Klaus Heymann, chairman of Naxos, the classical music publishers, answers your questions on business exclusively for The Boardroom.
(CNN) -- "How do you protect the work you publish from piracy, especially when so much digital content is available for download on your own site?"
Klaus Heymann, founder and CEO of independent classical music label Naxos
Classical music does not suffer from online piracy nearly as much as pop and rock.
Classical record labels mostly sell album concepts with one or two works with average playing times of around 25 to 30 minutes each.
These are more difficult to download than a rock or pop track of around five minutes or less.
At the same time, sound quality is important to classical music collectors, and most are not really satisfied with heavily compressed files. Higher-quality files are much bigger and are more difficult to download.
Also, classical record collectors want the booklet texts and the attractive packaging many classical albums have to offer, including lyrics, and often prefer purchasing the physical CD to downloading files.
Having said that, we constantly monitor all relevant pirate sites and send out letters threatening legal action if the sites don't take down our content.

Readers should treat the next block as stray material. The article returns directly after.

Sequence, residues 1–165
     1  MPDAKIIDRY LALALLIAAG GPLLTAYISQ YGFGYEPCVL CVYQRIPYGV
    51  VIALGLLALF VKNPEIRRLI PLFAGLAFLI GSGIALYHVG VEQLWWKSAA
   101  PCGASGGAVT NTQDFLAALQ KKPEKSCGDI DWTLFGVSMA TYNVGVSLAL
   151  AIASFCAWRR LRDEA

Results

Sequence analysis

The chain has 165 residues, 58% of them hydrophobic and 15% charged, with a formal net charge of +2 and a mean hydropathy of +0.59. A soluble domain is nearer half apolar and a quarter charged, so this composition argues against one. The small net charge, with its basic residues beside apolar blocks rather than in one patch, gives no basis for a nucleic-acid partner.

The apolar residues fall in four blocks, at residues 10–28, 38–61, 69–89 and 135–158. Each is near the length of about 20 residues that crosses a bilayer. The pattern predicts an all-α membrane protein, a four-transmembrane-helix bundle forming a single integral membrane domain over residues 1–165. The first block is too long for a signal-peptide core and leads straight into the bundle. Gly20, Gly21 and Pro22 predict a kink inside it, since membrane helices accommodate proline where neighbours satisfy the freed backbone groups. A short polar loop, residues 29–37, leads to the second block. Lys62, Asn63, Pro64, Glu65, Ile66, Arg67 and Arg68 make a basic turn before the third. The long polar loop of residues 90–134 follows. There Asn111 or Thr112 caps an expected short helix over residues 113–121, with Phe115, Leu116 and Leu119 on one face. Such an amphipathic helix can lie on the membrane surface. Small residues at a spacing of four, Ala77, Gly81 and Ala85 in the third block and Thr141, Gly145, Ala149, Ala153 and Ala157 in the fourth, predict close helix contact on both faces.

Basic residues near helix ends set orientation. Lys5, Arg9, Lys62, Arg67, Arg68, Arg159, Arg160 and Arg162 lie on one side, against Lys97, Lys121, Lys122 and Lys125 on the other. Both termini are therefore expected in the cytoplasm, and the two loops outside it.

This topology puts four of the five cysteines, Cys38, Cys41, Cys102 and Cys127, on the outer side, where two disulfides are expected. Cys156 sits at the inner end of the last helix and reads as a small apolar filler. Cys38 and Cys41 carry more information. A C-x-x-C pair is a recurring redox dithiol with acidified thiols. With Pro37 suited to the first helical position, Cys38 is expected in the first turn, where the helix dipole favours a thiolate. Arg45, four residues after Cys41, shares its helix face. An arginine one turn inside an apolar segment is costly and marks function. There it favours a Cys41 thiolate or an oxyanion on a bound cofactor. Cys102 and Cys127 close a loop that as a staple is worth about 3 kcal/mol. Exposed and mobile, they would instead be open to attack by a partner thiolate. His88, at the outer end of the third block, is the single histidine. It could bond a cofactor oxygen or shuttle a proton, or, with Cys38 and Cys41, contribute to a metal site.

I don't think there's much else we can do other than making our recordings as widely available and as easy to find as possible online and in stores, and producing CDs people still want to purchase.
Physical sales of classical recordings are actually quite stable, whereas our revenue from legitimate digital downloads continues to grow nicely.
We made our entire catalog available for streaming online, free, in 1996 so that people could listen to our recordings before purchasing them.
At that time, the rest of the industry was still trying to figure out ways to block the delivery of recordings over the Internet.
If the industry had gotten together in the late 1990s and come up with a concept like iTunes, it could have avoided most of the piracy problems it has been experiencing in recent years.
Pop and rock labels and their artists will have to come up with new concepts including releasing really strong albums that consist of more than just one or two good tracks with everything else being fodder.
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